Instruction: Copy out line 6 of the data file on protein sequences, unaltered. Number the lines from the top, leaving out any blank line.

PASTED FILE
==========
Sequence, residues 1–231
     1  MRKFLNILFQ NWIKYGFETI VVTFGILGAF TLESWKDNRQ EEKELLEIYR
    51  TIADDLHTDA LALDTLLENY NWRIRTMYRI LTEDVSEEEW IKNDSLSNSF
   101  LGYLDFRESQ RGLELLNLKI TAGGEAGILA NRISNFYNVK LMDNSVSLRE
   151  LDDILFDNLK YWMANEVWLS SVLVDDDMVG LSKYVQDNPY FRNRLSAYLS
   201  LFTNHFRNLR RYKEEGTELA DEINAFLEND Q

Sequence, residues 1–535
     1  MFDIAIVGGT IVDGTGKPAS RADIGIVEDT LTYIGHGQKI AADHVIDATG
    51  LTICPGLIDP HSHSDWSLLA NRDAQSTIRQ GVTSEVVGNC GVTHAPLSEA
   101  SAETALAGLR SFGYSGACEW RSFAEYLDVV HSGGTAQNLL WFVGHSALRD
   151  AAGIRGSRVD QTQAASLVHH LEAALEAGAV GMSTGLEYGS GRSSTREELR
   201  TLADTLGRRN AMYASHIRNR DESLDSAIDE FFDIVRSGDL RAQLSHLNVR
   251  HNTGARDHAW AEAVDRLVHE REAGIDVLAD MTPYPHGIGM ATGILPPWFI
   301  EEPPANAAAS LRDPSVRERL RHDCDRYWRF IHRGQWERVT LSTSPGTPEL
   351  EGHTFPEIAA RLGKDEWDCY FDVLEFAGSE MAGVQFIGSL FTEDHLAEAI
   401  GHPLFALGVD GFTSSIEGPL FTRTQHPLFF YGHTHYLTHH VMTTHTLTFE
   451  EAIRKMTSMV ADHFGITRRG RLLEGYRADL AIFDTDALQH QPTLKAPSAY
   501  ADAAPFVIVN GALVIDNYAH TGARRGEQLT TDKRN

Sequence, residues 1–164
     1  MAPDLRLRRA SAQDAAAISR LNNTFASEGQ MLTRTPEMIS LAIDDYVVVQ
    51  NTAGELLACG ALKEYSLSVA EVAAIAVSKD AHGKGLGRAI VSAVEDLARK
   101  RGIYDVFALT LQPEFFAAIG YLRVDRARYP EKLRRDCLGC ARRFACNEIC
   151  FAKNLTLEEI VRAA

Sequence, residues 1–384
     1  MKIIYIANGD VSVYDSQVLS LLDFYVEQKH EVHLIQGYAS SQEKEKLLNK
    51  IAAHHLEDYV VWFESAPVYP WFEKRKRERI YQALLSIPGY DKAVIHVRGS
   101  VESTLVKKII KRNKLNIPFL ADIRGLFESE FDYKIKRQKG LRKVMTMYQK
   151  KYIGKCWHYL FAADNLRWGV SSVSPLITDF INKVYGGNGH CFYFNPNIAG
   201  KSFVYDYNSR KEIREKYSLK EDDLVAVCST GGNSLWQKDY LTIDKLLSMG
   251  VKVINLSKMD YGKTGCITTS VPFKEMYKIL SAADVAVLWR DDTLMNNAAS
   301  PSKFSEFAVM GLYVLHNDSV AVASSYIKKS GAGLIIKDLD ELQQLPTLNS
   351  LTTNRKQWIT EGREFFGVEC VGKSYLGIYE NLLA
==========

   201  LFTNHFRNLR RYKEEGTELA DEINAFLEND Q